In England and perhaps other common law jurisdictions, property ownership is governed by the feudal remnant called "tenure", whereby what is commonly called "owning" is actually a "freehold" / "fee simple". This maintains a fiction (?) that the monarch is the real "owner" who just grants the practical owner extensive rights. Quoting from the latter link:
The rights of the fee-simple owner are limited by government powers of taxation, compulsory purchase, police power, and escheat, and may also be limited further by certain encumbrances or conditions in the deed, such as, for example, a condition that required the land to be used as a public park, with a reversion interest in the grantor if the condition fails; this is a fee simple conditional.
In English common law, the Crown had radical title or the allodium of all land in England, meaning that it was the ultimate "owner" of all land in the past feudal era. Allodial title is reserved to governments under a civil law structure.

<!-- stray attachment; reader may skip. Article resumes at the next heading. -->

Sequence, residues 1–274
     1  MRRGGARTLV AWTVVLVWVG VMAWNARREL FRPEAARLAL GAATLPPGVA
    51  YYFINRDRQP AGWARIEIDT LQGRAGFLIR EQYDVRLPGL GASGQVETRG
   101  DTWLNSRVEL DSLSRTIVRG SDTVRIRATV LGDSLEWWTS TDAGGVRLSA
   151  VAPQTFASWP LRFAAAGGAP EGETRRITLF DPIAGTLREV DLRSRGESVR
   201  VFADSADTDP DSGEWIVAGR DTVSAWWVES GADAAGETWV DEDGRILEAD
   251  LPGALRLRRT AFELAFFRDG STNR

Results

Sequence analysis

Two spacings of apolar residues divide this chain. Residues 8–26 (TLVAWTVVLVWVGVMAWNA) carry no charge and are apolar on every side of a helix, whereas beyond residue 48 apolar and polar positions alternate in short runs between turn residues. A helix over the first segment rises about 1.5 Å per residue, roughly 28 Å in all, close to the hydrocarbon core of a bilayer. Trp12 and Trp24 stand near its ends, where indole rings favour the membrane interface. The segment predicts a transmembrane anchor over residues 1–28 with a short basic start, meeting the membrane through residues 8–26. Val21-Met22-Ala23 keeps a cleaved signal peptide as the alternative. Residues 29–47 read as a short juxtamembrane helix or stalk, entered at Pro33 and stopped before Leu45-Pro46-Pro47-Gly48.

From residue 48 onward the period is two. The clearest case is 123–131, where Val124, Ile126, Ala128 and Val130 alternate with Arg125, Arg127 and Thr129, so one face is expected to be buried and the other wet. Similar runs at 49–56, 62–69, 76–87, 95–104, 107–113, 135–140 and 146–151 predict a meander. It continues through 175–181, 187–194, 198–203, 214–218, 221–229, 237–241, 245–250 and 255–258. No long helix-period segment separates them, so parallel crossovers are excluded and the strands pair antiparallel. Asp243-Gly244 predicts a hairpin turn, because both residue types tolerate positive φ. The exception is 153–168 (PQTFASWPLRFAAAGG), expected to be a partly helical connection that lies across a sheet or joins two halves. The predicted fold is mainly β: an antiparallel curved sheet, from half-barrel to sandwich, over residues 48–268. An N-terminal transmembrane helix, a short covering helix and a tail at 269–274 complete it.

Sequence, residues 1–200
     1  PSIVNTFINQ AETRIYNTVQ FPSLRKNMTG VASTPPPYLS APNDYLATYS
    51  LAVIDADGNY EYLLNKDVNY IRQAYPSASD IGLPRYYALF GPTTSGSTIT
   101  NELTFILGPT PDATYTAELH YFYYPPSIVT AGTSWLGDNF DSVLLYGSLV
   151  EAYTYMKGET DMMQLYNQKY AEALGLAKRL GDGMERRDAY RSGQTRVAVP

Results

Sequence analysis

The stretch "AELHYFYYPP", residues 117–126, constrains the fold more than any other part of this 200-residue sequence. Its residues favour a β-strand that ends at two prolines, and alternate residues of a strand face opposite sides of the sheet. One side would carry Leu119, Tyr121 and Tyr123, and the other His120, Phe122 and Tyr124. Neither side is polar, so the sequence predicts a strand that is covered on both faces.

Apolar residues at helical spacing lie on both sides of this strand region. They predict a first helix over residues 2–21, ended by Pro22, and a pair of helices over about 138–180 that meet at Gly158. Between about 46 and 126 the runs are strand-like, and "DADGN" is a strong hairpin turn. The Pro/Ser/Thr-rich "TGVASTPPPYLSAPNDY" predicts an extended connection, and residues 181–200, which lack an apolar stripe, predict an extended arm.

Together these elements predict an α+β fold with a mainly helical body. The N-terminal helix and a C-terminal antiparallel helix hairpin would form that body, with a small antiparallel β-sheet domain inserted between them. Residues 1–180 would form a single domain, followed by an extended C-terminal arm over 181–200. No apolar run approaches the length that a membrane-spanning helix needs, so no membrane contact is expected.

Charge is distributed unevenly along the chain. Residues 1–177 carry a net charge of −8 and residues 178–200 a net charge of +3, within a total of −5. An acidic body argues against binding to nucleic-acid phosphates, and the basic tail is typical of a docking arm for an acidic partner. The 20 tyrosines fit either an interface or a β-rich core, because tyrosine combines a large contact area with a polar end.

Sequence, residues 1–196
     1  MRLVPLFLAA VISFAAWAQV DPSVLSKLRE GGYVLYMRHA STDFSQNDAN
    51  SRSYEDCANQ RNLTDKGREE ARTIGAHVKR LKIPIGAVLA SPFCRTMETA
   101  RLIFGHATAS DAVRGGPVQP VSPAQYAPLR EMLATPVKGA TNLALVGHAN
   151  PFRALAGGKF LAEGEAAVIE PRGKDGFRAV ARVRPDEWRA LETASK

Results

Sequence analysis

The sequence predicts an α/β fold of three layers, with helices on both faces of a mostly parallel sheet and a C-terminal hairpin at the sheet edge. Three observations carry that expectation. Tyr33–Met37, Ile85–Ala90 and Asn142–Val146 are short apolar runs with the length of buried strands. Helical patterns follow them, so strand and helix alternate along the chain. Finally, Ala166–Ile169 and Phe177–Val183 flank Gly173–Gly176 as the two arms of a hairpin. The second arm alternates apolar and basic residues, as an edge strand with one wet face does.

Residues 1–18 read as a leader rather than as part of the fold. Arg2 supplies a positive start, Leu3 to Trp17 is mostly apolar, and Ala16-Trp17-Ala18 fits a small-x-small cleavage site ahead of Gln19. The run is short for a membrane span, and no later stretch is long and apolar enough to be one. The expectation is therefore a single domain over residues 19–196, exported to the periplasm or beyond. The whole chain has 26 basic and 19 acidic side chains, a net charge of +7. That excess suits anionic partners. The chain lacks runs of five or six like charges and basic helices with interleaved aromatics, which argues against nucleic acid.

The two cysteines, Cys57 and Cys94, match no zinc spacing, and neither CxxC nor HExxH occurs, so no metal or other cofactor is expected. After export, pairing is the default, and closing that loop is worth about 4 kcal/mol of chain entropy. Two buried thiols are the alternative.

However, the Crown can grant ownership in an abstract entity – called an estate in land – which is what is owned rather than the land it represents. The fee simple estate is also called "estate in fee simple" or "fee-simple title", or sometimes simply "freehold" in England and Wales. [...]
William Blackstone defined fee simple as the estate in land that a person has when the lands are given to him and his heirs absolutely, without any end or limit put to his estate. Land held in fee simple can be conveyed to whomsoever its owner pleases; it can also be mortgaged or put up as security. Owners of real property in fee simple have the privilege of interest in the property during their lifetime and typically have a say in determining who gets to own an interest in the property after their death.
All this seems like a lot of legal acrobatics to not technically abolish the monarch's feudal rights. I assume that such concerns hold no weight in republics who have cleanly broken with the monarchical legal systems.
- What is the legal basis for land ownership in countries which do not follow this post-feudal pattern?
- Instead of claiming a higher right to the property via these feudal means, on what do such jurisdictions base the use of powers of "taxation, compulsory purchase, police power, and escheat"? Is it simply by law?